K12 embraces video games

Game-based learning pinpoints special ed as well as core subjects and uses fictionalized worlds to derive real-world insight
By: | May 25, 2017

Welcome to the second annual game-based learning special report in District Administration.

Games continue to grow in popularity in K12 lessons ranging from science and math to English and social studies. They include alternate reality games that hook students’ imaginations and introduce social-emotional learning lessons to help students process feelings and thoughts.

In a soon-to-be-released study of eighth-graders in seven states, results reveal that game-based learning can not only engage students, leading them to perform better on assessments, but it can be easily incorporated into lessons.

The study, “Substantial Integration of Typical Educational Games into Extended Curricula” was spearheaded by Vadim Polikov, a research scientist. He partnered with Vanderbilt University. The study reveals that short games used in U.S. history lessons helped all students—particularly special education students-—think more critically.

And on assessment tests those who played games outperformed their peers who didn’t use games and just had traditional instruction, Polikov says.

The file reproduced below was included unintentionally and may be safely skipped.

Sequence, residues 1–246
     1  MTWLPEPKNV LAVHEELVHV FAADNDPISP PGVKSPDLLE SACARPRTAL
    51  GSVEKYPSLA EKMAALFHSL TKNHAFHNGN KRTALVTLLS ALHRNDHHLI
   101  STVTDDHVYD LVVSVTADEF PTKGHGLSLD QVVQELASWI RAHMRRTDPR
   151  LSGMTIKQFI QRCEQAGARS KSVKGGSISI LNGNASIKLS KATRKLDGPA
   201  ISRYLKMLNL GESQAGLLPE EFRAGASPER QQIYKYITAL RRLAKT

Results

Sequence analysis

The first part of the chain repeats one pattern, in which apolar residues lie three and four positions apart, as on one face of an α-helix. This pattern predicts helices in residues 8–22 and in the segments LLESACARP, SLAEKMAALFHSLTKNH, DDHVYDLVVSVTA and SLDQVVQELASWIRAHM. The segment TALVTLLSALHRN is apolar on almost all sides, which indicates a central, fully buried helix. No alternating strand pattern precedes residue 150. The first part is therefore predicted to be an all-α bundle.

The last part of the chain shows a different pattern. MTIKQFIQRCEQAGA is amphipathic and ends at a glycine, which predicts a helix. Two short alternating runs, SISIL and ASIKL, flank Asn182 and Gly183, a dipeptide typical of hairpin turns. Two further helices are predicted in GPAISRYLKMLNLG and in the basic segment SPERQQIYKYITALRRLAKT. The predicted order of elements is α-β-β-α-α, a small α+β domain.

The study covered three weeks of content with five learning objectives, and included 55 games that were built by 16 development studios, says Polikov. Because of the study’s positive results, he created Legends of Learning, a platform that offers educational games.

While many games require hours of activity, a new generation of shorter ones are here, lasting anywhere from 5 to 25 minutes. They’re also easier to integrate into K12 lessons, Polikov says.

And the games allow teachers and students to give feedback on what they like or don’t like about them. Teachers could easily see, via a dashboard, results of how each student is progressing in a game in real time. Teachers can pause the game and re-teach a learning standard that might be tripping up students.

The report offers successful examples.

Resources

ACTIVATE, C8 Sciences

Explore Learning

Games4Ed

Legends of Learning

KNeoESP, KNeoWorld

Minecraft, Mojang Synergies AB

Mission US, WNET

Operation: Reach, FableVision Studios

Park Pals: Kindness Rules, FableVision Studios

Squishing insects, planting crops bolster ELA, science concepts

Oh no! The city has been invaded by cockroaches, each carrying a letter of the alphabet as they scurry across a student’s computer screen.